Maybe you’ve been one of the lucky ones to stumble down the cobblestone streets of Fells Point one late Tuesday night and hear a heart-wrenching sound pouring out of a neighborhood dive bar that it literally stops you in your tracks. This is the power of old-soul troubadour Sean K. Preston, who has been toting his country-tinged rock-and-roll around Baltimore for at least the last decade.
He’s undoubtedly one of this city’s best-kept musical secrets, writing the sort of songs for both saints and sinners—from lump-in-your-throat ballads to earth-scorching barnburners—that just don’t get made like they used to. On the eve of Forgive, his accomplished new album with his band The Loaded Pistols, we spoke with the singer-songwriter about sad songs, Johnny Cash, and finding his own voice.
Your music is inspired by a medley of genres. Which was your entry point into making music?
When I started playing music, I was a teenager and into punk rock. I was drawn to it immediately because of the energy—because it was something you could do right away. You didn’t have to be trained; you didn’t have to be rich or famous. You just had to find a guitar and some friends and make a lot of noise.
I got into country music on accident. I had a construction job in the Baltimore area, and they would listen to country music at the job site. I just really liked some of those songs and the lyrics. They were very emotional and sentimental and economical poetry. Not overly wordy, but direct and honest, and I found myself crying on the job. It was like 7:30 a.m., somewhere in the middle of nowhere, I’m swinging a hammer, and I hear this song about heartbreak, and it’s making me sad, and it’s perfect.
Do you remember what the song was?
I don’t think I’ve told anybody officially, but it was a song called “Love, Me” [by Collin Raye]. It’s beautiful. It’s a love story. It’s a metaphor for dying. Like, I’ll see you on the other side. It freakin’ killed me. But that was pretty much the start of me liking country music, and that eventually led back to discovering all the old stuff. But I didn’t really want to admit it to anybody, because it wasn’t punk rock.
You didn’t start performing country until you were living abroad in Ireland in the early 2000s, busking on the streets.
At the time, the music I was listening to and writing was heavily influenced by bands like The Cure and the Pixies and Jeff Buckley. One day in Ireland, somewhere along the way, I started playing some Hank Williams, and that afternoon, I made a lot of money. People would stop and say, ‘Hey, that’s really good,’ and then of course the movie Walk The Line came out.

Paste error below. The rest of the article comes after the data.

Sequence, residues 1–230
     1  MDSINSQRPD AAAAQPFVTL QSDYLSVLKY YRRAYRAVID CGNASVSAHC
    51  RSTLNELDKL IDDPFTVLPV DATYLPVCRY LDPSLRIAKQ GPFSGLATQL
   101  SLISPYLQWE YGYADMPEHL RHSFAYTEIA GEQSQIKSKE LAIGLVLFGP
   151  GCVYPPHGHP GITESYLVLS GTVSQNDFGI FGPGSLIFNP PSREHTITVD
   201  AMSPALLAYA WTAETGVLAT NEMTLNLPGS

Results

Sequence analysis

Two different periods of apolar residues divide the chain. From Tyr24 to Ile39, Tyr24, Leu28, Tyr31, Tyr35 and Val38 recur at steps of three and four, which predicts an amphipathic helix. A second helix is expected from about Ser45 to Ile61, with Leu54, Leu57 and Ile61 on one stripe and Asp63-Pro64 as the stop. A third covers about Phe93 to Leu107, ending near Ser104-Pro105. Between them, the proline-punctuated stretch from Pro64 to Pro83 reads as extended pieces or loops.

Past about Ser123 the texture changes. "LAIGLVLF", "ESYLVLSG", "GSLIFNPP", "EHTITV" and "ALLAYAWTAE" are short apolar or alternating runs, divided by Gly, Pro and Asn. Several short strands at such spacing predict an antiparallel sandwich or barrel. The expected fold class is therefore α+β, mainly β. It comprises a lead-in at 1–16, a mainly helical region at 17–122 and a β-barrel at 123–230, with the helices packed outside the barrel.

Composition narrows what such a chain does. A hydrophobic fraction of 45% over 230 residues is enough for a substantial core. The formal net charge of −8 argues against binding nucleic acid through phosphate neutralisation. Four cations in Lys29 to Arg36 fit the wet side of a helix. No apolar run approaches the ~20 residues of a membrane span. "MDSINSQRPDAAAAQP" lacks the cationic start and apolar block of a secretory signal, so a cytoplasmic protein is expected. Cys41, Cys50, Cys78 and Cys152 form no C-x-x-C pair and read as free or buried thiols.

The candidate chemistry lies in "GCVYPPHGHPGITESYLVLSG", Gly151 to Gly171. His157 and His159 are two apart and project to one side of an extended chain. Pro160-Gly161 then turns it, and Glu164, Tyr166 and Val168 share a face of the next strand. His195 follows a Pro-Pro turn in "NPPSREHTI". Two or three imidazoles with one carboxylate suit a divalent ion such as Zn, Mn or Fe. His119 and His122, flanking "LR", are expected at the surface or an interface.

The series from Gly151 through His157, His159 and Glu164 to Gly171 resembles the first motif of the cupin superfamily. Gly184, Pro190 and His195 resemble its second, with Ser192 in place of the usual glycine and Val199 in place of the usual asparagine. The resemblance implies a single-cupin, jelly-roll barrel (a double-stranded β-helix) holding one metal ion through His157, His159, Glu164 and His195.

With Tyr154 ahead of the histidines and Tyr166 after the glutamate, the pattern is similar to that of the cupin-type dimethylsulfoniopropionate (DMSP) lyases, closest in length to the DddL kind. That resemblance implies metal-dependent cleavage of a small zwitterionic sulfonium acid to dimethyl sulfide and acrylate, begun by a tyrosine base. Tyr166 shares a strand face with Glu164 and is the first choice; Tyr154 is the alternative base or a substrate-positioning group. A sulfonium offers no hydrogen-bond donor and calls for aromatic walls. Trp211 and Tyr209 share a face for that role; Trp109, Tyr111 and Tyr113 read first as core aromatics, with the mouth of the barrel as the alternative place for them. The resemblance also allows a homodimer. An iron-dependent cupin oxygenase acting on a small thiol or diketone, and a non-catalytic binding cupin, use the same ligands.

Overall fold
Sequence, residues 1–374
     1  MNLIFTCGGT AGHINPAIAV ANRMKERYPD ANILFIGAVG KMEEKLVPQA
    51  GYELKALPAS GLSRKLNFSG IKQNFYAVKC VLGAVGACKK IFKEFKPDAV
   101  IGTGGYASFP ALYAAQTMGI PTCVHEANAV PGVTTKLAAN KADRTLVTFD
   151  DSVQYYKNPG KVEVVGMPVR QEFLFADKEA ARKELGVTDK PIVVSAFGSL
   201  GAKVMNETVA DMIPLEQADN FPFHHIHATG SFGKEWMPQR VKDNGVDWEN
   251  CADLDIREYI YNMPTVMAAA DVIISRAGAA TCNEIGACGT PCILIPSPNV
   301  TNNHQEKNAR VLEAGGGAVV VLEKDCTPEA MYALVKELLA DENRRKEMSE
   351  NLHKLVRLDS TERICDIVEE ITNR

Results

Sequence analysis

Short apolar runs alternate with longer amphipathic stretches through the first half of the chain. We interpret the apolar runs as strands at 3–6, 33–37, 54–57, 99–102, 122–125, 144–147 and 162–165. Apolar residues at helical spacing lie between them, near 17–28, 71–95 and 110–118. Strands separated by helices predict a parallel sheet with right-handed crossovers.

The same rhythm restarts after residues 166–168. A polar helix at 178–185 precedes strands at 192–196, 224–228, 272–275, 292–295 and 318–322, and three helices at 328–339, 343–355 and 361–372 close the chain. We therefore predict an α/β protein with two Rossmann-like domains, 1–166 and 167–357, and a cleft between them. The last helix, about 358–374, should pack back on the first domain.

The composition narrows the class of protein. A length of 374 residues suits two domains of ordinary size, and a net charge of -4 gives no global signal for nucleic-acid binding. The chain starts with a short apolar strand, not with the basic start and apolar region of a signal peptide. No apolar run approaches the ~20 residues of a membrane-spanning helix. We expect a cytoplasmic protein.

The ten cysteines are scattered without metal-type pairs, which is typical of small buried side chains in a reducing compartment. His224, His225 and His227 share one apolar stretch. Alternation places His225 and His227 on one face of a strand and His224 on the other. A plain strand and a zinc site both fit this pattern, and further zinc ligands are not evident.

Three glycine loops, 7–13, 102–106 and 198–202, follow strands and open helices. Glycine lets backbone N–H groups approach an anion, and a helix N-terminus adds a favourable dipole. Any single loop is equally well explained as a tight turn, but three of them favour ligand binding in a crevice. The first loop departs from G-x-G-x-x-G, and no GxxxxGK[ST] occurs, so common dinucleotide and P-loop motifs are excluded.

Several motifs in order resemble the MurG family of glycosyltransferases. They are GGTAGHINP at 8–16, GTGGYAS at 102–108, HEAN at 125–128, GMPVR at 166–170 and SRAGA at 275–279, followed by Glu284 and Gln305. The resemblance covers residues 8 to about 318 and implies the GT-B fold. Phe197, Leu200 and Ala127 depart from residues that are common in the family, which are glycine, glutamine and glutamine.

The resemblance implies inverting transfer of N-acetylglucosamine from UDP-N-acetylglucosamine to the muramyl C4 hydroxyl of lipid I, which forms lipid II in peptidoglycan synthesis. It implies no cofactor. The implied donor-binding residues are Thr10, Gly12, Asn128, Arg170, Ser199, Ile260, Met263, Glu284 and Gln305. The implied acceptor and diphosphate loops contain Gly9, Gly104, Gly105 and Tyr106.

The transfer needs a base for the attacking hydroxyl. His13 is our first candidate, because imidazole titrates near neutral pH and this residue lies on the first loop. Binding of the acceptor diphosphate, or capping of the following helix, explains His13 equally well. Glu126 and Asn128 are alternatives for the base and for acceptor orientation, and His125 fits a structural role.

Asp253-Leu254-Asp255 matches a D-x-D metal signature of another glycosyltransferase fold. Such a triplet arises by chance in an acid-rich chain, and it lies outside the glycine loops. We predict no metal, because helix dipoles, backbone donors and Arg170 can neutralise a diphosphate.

Do you think you found the courage because you were in a place where no one knew you?
I think it gave me a bit of courage, being an American, playing American music. I started to dress more cowboy all the time, wearing hats and boots, which made me stand out but also felt a little bit like a barrier that protected me. If you project that up front, then people don’t have to see what’s going on behind the scenes.
Is it still a protective barrier for you?
I’ve actually made the conscious decision to stop wearing the cowboy hats. I still like them and have plenty of them and I wear them on occasion. But I decided that putting on a persona might have been good for a while, but now I’m taking that off. Maybe I feel more confident now. I decided to start looking presentable and get a nice haircut.
Of course, over the years, you’ve had a lot of comparison to Johnny Cash.
I’m flattered when people say that, but I think that it’s just an easy point of reference for people. I don’t think I have that much in common with him, except lately I’ve been wearing a lot of black. There are definitely artists that were more important to me, but sure, he was an influence. You can’t say anything shitty about Johnny Cash.
And now you’re coming back to Baltimore to release Forgive, your much-anticipated fifth album, and your first through a record label. How does it feel?
I’m very proud that we’re releasing this record and that we’re going to have a physical artifact that documents this time. We worked on this album in five different recording studios in three different cities over the course of two years. I’m really proud of it and I want lots of people to know these songs. I hope that people listen to the album all the way through, because there are so many kinds of songs on it.
You’ll be releasing it on Thanksgiving Eve at the Ottobar. What’s it like to come back and play in your hometown after being on the road for so long?
I guess we’ll find out. When I’ve come home before and played our final show of a tour, it feels really good. We’ve picked up a lot of support and fans in Fells Point over the years, but I think we’ve reached the top of our game in that neighborhood, and I hope this record reaches a wider audience.
This job is difficult. It does get lonely and it can be very melancholy at times. Many of these songs have elements of longing or homesickness. But it feels like people back home are watching what’s happening out here on the road, and I think they’re proud of us.
Catch Sean K. Preston & The Loaded Pistols live at the Ottobar on November 21.